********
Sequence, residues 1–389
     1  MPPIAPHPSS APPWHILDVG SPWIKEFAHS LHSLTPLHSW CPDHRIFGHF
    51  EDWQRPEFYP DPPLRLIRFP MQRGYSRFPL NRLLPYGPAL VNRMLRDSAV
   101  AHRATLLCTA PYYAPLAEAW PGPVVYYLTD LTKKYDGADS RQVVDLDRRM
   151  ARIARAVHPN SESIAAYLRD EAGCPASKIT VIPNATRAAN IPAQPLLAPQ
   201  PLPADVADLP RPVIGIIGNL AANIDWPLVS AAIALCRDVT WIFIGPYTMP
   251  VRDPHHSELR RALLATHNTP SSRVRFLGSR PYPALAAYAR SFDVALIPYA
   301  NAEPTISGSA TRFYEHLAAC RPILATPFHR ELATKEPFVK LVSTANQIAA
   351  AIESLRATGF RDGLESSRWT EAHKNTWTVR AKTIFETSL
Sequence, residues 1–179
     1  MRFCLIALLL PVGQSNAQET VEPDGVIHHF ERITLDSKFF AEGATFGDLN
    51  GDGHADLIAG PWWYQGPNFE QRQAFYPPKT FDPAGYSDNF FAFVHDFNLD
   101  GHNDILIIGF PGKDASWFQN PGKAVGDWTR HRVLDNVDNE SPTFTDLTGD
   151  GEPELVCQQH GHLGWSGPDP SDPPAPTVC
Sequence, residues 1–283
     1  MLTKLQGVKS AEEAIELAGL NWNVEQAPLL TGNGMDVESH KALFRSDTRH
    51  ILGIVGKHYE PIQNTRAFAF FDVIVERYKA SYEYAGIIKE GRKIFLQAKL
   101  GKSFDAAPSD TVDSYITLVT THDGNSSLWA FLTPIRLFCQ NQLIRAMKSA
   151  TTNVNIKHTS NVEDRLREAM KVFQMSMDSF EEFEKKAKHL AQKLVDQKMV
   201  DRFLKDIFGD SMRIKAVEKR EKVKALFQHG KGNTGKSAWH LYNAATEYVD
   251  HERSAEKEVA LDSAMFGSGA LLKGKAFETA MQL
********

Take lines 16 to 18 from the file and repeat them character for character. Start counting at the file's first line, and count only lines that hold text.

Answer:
     1  MLTKLQGVKS AEEAIELAGL NWNVEQAPLL TGNGMDVESH KALFRSDTRH
    51  ILGIVGKHYE PIQNTRAFAF FDVIVERYKA SYEYAGIIKE GRKIFLQAKL
   101  GKSFDAAPSD TVDSYITLVT THDGNSSLWA FLTPIRLFCQ NQLIRAMKSA